dc.identifier.citationThe 11th International Congress on Systemic Lupus Erythematosus, Vienna, Austria, 2-6 September 2015. In Clinical and Experimental Rheumatology, 2015, v. 33 n. 3 suppl. 90, p. S-40, abstract no. P5.08-
dc.identifier.issn0392-856X-
dc.identifier.urihttp://hdl.handle.net/10722/217516-
dc.descriptionSession: P05 Epidemiology and clinical research: Poster presentation-
dc.description.abstractBackground: Studies on cognitive impairment in patients with past history of neuropsychiatric lupus (NPSLE) were often confounded by psychiatric and other disease related factors. Objectives: This study aims to evaluate cognitive function in NPSLE patients in relation to psychiatric factors longitudinally in comparison to matched controls. Methods: NPSLE patients and matched disease and healthy controls were examined by full neurocognitive tests that covered 8 cognitive domains at 2 time-points 12 months apart. Depressive and anxiety symptoms were measured by HADS. Results: 18 NPSLE and 18 patients with systemic lupus erythematosus (SLE) who had no previous cerebral involvement (non-NPSLE) matched to age, sex and disease duration, and 16 age- and sex- matched healthy subjects were recruited. NPSLE patients consistently reported more cognitive symptoms and anxiety symptoms than non-NPSLE patients over both time-points. NPSLE patients had significantly worse simple and complex attention, memory, reasoning and visuospatial processing compared to non-NPSLE patients, among which memory and simple attention remained significantly impaired after adjustment to confounders. Anxiety and depressive symptoms were found to have an effect on raw scores but not demographically adjusted T score of neurocognitive tests. Unlike non-NPSLE subjects, NPSLE patients also failed to demonstrate practice effect upon re-evaluation over 12 months. Both NPSLE and non-NPSLE patients had worse memory than healthy subjects, with deficiency in more memory tests for NPSLE patients. Conclusions: NPSLE patients had significantly worse and persistently impaired cognitive functions involving memory, visuospatial processing and complex attention and impaired learning compared to non-NPSLE patients over 12-month reassessment. Disclosure-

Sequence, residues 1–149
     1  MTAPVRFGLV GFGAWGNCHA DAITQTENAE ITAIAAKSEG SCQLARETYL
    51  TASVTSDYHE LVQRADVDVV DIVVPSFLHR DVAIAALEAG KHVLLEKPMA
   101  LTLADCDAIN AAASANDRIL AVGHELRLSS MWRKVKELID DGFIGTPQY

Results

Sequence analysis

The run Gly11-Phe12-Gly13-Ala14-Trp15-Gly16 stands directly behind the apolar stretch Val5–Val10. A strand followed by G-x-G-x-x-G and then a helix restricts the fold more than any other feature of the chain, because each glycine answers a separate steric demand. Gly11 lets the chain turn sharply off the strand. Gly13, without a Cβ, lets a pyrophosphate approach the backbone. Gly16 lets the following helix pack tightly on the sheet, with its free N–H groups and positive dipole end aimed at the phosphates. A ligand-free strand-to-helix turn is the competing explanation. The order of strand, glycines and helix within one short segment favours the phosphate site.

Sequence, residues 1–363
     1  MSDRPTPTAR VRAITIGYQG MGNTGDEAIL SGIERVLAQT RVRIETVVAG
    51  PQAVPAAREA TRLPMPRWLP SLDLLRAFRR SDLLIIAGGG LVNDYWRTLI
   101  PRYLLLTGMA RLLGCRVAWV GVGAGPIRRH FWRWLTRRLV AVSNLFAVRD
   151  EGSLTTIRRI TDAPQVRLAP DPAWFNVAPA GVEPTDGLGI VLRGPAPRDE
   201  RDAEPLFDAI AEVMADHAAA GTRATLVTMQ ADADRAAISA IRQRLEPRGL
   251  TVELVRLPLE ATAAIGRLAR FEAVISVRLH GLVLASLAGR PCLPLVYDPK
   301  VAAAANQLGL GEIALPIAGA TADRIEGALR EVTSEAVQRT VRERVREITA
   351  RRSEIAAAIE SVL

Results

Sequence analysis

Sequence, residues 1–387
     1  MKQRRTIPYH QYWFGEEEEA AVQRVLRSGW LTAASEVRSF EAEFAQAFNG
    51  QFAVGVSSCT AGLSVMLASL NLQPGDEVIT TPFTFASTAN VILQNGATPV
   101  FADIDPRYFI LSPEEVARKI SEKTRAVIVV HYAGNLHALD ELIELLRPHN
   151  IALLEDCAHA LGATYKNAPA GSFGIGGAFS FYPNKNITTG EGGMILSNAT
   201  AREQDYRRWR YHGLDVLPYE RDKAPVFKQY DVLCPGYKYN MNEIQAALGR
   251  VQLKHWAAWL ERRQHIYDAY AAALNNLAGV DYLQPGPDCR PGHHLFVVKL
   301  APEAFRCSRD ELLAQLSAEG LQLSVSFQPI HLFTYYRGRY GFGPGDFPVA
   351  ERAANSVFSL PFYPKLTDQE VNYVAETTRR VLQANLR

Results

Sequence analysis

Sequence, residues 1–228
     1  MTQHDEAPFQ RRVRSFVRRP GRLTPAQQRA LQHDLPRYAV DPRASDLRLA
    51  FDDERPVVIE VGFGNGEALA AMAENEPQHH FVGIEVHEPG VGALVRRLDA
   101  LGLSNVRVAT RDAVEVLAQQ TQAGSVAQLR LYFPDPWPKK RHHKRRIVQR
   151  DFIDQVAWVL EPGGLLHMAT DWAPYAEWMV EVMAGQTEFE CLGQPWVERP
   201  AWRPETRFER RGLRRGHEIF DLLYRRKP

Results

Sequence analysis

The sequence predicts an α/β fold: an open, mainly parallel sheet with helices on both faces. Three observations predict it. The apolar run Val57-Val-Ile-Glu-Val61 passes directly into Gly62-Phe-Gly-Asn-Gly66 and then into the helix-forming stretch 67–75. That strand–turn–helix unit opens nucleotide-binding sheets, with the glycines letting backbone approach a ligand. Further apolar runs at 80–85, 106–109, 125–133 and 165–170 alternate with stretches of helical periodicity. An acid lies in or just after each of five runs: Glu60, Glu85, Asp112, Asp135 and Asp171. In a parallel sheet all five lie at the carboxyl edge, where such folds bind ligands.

dc.languageeng-
dc.publisherPacini Editore SpA. The Journal's web site is located at http://www.clinexprheumatol.org-
dc.relation.ispartofClinical and Experimental Rheumatology-
dc.subjectLupus-
dc.subjectCognitive function-
dc.titleSystemic lupus erythematosus patients with past neuropsychiatric involvement is associated with worse cognitive impairment: a longitudinal study-
dc.typeConference_Paper-
dc.identifier.emailLau, EYY: eyylau@hku.hk-
dc.identifier.emailLo, Y: yloa@hkucc.hku.hk-
dc.identifier.emailMok, TMY: temy@hkucc.hku.hk-
dc.identifier.authorityLau, EYY=rp00634-
dc.identifier.authorityMok, TMY=rp00490-
dc.identifier.hkuros253066-
dc.identifier.volume33-
dc.identifier.issue3 suppl. 90-
dc.identifier.spageS-40, abstract no. P5.08-
dc.identifier.epageS-40, abstract no. P5.08-
dc.publisher.placeItaly-